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If I could, I'd attend the National Association of County Engineers conference every year. I've never seen such camaraderie or joyful pursuit of good, clean fun.

After listening to their stories, I know why these men (and with a few exceptions, such as May 2009 cover story subject Susan Miller of Minnesota's Freeborn County, they're almost all men) forge lifelong friendships. Any job related to the care and feeding of infrastructure doesn't get the respect it deserves, but county engineers are uniquely marginalized.

The group formed the same year the Interstate Highway System was authorized. That single piece of legislation transformed road-building into big business and big politics, but it supports less than 2% of the nation's roads. Lost in the hullabaloo over funding formulas and reauthorization is the fact that half a century later 53% of our roads — 1.6 million miles — aren't paved. Designing and maintaining those assets is a science that only the 2,000 or so people who do it for a living fully appreciate. As National Local Technical Assistance Program Association President Kenneth Skorseth says: “There's never a ribbon-cutting when you build a gravel road.”

Placed to help get crops and livestock to market, rural roads are being shredded by wind farm and natural gas drilling equipment on its way to remote home-grown energy sources. As city dwellers seek opportunities for country living, roads built to handle 150 vehicles a day are carrying two and three times as many. Justifying the cost of the most durable material — quarry aggregate with 6% to 8% natural clay fine — is difficult; formal training, a luxury. Gravel Roads Maintenance and Design Manual, written by Skorseth for South Dakota's Local Transportation Assistance Program, is one of the Federal Highway Administration's most frequently requested publications.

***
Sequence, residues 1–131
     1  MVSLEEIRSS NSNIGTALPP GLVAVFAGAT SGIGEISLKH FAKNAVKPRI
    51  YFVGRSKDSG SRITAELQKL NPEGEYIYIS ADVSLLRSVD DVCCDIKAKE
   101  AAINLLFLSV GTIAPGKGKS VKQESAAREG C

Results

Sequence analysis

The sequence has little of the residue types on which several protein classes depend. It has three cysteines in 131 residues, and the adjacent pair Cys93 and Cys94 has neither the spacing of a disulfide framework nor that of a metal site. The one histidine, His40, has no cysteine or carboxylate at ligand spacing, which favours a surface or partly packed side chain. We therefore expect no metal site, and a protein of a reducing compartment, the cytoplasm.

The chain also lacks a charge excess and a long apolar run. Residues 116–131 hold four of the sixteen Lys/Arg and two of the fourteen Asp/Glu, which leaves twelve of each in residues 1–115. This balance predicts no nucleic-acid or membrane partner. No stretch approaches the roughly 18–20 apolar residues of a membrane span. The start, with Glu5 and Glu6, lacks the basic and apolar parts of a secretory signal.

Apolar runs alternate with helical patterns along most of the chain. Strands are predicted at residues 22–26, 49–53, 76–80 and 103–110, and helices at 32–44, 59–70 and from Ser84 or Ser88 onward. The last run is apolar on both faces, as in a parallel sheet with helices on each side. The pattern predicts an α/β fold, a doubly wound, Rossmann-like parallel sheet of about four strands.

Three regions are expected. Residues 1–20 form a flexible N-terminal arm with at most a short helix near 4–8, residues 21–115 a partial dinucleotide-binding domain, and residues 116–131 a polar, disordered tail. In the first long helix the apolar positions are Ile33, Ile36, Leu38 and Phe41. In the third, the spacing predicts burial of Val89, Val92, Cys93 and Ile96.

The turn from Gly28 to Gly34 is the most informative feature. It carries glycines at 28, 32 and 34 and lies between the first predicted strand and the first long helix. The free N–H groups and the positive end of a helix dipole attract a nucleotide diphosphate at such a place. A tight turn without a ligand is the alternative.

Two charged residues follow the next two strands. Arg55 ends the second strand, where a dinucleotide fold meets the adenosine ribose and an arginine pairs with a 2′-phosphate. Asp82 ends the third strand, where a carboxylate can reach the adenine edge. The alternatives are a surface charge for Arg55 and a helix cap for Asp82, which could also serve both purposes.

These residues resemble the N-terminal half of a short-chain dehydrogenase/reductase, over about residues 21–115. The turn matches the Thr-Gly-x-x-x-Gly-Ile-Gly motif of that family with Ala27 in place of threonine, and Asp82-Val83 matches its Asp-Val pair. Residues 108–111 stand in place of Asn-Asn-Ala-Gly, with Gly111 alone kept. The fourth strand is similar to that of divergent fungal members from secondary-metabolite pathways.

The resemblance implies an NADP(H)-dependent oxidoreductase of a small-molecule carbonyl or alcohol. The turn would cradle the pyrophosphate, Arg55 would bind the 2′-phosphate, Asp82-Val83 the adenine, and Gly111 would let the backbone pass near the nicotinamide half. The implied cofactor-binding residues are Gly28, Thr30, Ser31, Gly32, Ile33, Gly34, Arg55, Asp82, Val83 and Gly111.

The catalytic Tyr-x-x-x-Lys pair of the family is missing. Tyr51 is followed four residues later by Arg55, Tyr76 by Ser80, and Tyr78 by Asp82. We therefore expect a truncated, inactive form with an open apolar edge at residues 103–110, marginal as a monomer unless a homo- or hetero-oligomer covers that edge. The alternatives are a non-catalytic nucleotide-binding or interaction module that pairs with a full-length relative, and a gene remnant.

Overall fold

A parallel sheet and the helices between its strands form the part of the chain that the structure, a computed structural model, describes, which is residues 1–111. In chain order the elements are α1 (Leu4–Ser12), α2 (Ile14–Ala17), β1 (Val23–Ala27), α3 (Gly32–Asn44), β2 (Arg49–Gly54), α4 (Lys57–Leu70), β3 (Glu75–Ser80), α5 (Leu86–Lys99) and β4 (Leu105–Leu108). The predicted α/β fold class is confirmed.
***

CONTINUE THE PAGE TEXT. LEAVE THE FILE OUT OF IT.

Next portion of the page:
Rural crashes are horrific and often fatal as victims wait for paramedics to reach the scene. County and tribal engineers have successfully partnered to obtain federal safety and planning monies, but the hoops they jump through make a standard environmental review look like child's play. One project required tracking down and getting the approval of half the offspring of the original owners of 400 allotments.

Like road managers in more populated areas, county engineers are exploring processes and products they hope will prolong asset life. The group's trade show isn't large but debate over vendors' claims and seminars was lively. If you're not a member, find a way to join. Don't be intimidated by the name: At least half the members aren't licensed engineers, so the organization may add “and Road Supervisors” to its name. Start by visiting www.countyengineers.org.

- Stephanie Johnston,
Editor in Chief

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